Why 'Complete Streets' Matter

The importance of greater mobility choices in the community and five things communities need to do to launch their own transformations

By Fred Jones, AICP │ Senior Project Manager │ Michael Baker International

From the Fall 2017 issue of Signature

Context-Sensitive Solutions, Livable Streets, Green Streets, Right-Sizing, Home Zones, Walkable Communities, Complete Streets – whatever you want to call it, we are in the middle of a paradigm shift in the way communities are thinking about roads and roadway design.

Driven in part by a groundswell of communities across the country looking to substantially improve quality of life, the Complete Streets movement recognizes the need for a better, more comprehensive way to design our transportation infrastructure. This movement stresses the importance of improved safety, health, economic and environmental outcomes as intrinsic components of the entire project lifecycle.

In short, Complete Streets represents both a policy and design framework aimed at designing roads with all users in mind, not just motorists. Beyond aesthetics and attractive landscaping, this approach emphasizes greater mobility choice, balancing the interests of pedestrians, cyclists, motorists and transit users of all ages and abilities with an “outside-in” philosophy governed first and foremost by placemaking and urban design.

However, no one-size-fits-all, singular solution exists for the perfect Complete Street. A Complete Street may include sidewalks, bike lanes, dedicated transit lanes, comfortable and accessible public transportation stops, safe crossing opportunities, median islands, accessible pedestrian signals, curb extensions, narrower travel lanes, roundabouts and more. The Complete Streets approach isn’t about adding ribbons and bows until the package looks good – it’s about rebalancing the roadway space in the right location at the right time.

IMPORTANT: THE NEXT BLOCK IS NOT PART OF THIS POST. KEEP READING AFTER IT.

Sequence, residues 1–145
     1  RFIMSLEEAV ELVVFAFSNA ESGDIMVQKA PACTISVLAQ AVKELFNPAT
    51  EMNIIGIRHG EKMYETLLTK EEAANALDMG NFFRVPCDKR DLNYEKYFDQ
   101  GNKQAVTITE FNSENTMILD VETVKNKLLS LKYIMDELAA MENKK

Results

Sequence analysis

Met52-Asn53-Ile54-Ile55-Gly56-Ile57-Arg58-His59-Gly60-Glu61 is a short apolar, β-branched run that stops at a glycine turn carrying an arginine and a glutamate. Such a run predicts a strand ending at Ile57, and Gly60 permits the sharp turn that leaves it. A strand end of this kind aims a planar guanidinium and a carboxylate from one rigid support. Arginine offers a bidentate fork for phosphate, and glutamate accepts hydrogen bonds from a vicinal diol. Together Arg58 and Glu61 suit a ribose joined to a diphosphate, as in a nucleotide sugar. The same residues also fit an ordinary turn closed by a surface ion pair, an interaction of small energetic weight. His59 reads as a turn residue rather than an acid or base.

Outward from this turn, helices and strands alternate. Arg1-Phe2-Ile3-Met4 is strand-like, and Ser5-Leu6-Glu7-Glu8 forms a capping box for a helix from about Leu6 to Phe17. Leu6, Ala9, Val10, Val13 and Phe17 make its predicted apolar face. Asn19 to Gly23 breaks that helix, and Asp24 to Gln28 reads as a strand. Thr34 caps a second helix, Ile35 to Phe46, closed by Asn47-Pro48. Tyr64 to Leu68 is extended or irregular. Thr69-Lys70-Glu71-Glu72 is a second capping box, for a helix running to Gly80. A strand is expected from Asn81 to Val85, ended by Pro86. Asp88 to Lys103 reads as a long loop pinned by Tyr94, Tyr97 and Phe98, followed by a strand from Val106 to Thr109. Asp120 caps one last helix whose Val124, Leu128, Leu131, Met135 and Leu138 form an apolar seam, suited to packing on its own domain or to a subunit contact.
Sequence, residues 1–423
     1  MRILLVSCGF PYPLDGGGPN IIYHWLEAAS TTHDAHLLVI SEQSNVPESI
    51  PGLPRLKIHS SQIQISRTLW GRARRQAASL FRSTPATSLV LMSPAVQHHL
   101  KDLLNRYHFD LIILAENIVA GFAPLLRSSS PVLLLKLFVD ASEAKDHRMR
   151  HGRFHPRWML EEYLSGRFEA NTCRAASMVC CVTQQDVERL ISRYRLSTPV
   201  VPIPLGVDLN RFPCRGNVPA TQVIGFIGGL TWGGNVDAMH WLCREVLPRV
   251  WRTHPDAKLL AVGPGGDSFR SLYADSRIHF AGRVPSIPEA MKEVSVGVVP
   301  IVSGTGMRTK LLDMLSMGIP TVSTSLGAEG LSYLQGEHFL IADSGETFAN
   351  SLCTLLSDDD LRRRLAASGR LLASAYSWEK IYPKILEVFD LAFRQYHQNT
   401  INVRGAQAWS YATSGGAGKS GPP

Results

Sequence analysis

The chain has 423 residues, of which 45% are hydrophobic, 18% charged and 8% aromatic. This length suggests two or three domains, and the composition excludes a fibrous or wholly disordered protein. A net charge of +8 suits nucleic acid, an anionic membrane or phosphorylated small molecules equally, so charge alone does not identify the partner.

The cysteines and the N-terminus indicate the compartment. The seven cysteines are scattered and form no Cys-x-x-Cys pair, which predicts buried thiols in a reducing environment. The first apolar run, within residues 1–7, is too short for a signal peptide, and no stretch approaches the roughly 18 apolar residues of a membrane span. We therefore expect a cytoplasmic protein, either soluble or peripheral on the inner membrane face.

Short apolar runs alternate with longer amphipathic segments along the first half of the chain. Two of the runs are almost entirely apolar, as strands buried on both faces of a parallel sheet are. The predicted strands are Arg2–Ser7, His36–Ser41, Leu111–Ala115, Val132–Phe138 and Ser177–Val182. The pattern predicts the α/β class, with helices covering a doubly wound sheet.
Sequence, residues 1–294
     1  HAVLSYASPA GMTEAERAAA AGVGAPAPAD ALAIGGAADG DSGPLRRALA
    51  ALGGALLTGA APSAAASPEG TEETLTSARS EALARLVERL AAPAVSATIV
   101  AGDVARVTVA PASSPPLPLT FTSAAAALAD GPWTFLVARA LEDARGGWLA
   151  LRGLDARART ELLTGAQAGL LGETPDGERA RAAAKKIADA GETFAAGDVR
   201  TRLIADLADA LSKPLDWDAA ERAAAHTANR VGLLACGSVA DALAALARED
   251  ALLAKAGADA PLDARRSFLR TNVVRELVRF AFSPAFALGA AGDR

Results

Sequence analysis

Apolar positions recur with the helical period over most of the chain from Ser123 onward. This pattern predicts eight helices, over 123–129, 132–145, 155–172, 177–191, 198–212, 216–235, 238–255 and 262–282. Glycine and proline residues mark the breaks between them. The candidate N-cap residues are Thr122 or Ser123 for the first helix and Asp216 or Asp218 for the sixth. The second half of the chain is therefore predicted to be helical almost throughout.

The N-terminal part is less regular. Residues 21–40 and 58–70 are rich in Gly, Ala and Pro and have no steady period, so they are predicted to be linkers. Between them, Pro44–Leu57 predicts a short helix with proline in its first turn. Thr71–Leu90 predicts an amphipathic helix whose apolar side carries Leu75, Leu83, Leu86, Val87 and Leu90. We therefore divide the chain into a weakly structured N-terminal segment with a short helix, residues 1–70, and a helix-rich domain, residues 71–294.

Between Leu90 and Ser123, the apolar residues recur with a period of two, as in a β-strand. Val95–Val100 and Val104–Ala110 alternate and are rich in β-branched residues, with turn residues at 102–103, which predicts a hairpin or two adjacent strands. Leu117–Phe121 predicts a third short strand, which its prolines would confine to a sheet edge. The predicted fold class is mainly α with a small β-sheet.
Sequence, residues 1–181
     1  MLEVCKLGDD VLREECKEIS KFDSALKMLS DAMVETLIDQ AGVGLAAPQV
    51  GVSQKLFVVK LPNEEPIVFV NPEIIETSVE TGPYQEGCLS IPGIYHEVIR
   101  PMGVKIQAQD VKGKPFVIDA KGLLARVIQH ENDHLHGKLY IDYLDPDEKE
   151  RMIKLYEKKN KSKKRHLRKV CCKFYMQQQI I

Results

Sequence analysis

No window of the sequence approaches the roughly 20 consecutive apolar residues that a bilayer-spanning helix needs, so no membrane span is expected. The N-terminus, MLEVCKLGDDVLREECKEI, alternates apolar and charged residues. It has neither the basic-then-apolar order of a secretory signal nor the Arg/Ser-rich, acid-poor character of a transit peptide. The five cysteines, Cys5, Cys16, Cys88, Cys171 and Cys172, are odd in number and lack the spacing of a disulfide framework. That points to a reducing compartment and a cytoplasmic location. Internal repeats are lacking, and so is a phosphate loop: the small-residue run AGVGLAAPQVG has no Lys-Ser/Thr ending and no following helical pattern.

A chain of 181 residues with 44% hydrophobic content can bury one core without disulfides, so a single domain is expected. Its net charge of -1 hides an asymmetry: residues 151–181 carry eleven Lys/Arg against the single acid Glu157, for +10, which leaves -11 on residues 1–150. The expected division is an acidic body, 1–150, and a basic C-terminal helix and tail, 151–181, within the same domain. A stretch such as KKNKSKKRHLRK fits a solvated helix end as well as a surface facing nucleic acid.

WHY THE SHIFT?

For the better part of the past 70 years, communities have done a tremendous job designing their roadways to accommodate the efficient mobility of the car. In combination with a segregated-land-use regulations and housing finance policies, this has led to a state of automotive dependency in many areas of the country, making it largely impractical – and dangerous – for non-motorists to walk, bike or use mass transit.

From public health and safety standpoints, the increasing levels of inactivity and the growing numbers of injuries and fatalities to walkers and cyclists across the nation can be attributed to the lack of walkable, human-scaled design in our communities. This movement away from largely “incomplete” streets to facilities that are designed to make travel choices more safe, accessible, convenient and attractive isn’t merely a fad.

Redesigning our roads to support greater transit use and multimodal trip-making improves the capacity and efficient movement of travel within the same amount of curb-to-curb roadway space, reducing single-occupancy auto congestion while improving cardiovascular health via walking and biking opportunities.

In addition to the obvious health, safety and mobility benefits, one of the primary reasons for the shift is the increasingly recognizable economic value of “walkability.” Complete Streets can fundamentally improve walkability. Walkable neighborhoods have demonstrably higher home values that their drivable, suburban counterparts.

Based on recent data from WalkScore and the “CEOs for Cities” report, in most metro areas, for each additional point on the 100-point WalkScore scale, home values generally increase from $500 to $3,000 in value. In Washington, D.C., for example, walkable commercial cores yield 75 percent higher office rents typically than their suburban counterparts. Millennials and Baby Boomers have played a huge role in driving this demand as well.

GETTING STARTED

Communities will find many effective ways to introduce a Complete Streets framework. For those that are just beginning to have the conversation, remember, this truly is about a paradigm shift and not merely about installing a new bike lane or sidewalk as a project amenity. Here’s how to get started: